Care for Caregivers: Groups Offer a Unique Support for Caregivers

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By: DJ Fomby, Andrea Skoglund, and Stephen Collazo, MD Anderson Social Work Counselors

"There was a narrowing of my vision; nothing mattered except helping him survive."
Caregiver 4 Caregiver Group Participant

The acute nature of a patient's illness and the need for swift treatment often means that the patient's needs supersede all other considerations as the family focuses on the patient's survival. Caregivers experience tunnel vision, or as one caregiver explained, "There was a narrowing of my vision; nothing mattered except helping him survive." This contracted outlook often means that caregivers, especially spouses, neglect their own needs.

Another common feeling caregivers experience is a sense of loneliness. Typically, the caregiver has primary, if not sole, responsibility for the patient's care. This can mean a support role as extensive as around-the-clock oversight of the patient's condition by that caregiver. Hobbies, friendships and even the caregiver's career may be put on hold so that the obligation to care for the patient can be fulfilled.

While friends and family may try to offer assistance and support, a feeling of "you don't know what it's like for me" is both common and reasonable. These feelings of isolation, along with a singular focus on meeting the needs of a loved one, can lead to caregiver burnout. Symptoms of burnout include enduring fatigue, feeling overwhelmed or trapped, anger, guilt and depression.

For many people, joining a support group helps them to address their situation and cope with burnout. By definition, support groups bring together individuals experiencing similar life challenges to reduce feelings they may be experiencing. In most support groups, professional facilitators are there to encourage participants to share their personal experiences and encourage group members to offer anecdotal support and guidance in response to one another's challenges.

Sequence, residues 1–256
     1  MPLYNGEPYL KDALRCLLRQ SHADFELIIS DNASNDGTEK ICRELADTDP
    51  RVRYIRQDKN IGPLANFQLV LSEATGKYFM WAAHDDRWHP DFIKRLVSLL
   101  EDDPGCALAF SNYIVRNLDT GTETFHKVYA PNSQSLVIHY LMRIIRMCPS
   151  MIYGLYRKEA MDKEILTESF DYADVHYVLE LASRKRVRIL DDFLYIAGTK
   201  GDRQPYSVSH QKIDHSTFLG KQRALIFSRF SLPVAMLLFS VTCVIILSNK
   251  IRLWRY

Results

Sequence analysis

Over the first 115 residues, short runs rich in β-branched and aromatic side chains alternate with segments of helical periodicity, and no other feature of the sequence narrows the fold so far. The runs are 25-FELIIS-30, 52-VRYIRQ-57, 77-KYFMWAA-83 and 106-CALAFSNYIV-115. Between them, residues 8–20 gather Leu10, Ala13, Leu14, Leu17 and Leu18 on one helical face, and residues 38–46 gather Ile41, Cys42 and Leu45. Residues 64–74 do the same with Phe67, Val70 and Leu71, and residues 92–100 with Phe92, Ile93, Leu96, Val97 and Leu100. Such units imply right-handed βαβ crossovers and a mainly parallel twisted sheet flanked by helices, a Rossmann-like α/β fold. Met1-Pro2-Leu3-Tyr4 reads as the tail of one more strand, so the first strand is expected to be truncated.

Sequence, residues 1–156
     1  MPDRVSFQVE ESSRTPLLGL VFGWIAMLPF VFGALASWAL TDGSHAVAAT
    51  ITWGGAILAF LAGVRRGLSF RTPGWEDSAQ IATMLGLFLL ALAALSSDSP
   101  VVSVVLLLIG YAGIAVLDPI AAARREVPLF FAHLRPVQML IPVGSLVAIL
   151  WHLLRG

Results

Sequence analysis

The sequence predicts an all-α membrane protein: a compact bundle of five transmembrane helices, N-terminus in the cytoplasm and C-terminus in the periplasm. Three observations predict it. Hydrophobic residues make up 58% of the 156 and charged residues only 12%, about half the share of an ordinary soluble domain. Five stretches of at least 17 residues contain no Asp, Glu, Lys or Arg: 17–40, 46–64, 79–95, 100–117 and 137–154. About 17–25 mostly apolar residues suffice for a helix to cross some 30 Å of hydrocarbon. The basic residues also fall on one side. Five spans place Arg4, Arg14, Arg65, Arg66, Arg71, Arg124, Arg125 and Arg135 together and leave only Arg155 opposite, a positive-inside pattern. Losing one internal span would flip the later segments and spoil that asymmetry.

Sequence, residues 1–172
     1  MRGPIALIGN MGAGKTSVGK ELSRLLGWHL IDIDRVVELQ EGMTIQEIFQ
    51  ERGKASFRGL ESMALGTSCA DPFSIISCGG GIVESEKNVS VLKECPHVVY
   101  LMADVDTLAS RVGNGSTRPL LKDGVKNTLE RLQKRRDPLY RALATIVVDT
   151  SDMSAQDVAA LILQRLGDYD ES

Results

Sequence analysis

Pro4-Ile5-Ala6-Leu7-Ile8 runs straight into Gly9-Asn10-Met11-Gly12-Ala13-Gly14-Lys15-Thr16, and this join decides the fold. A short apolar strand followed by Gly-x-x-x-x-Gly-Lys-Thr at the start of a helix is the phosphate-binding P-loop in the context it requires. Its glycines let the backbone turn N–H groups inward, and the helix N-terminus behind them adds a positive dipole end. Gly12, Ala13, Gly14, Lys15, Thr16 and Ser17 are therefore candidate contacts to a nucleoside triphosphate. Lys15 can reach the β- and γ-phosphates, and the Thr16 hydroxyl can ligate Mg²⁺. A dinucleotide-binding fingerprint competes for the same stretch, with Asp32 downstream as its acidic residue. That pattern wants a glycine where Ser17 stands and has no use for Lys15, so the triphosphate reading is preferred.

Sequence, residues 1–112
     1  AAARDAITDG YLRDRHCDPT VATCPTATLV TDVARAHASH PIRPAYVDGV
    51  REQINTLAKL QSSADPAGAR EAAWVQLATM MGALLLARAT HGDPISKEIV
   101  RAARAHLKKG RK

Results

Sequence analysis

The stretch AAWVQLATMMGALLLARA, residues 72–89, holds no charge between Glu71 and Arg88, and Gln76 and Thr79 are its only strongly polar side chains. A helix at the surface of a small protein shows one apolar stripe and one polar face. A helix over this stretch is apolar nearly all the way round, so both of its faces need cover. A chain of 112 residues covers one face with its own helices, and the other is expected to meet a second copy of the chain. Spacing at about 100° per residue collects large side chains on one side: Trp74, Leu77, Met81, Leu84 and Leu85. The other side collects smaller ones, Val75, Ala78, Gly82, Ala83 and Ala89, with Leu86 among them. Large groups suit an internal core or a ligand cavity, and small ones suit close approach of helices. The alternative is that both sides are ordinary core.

At MD Anderson the Department of Social Work hosts a support group exclusively for the caregivers of our patients. Care 4 Caregivers is held each Tuesday, 12:30-1:30 p.m., in the Patient/Guest Relations area of the Rotary House International hotel. Participants are encouraged to share feelings and challenges they face in their role as caregivers, while offering strategies for coping and support to each other. By sharing their experiences with one another, participants realize they are not alone in their caregiving struggles. As a result, members begin to develop the knowledge, resources and strength to meet their caregiving challenges.  

We ask that only caregivers attend this group so that they can speak freely about any caregiving issues they may be facing. If individuals with cancer wish to attend a group, there are several groups designed specifically for people living with cancer that would be more appropriate for their needs.

For more information about the Care 4 Caregivers support group, please contact DJ Fomby, 713-792-6824, or Andrea Skoglund, 713-563-2397.

If you are not able to attend this particular group but still have an interest in attending any support group, please talk with the social worker in your clinic about other groups that might be available at MD Anderson or in your own community.

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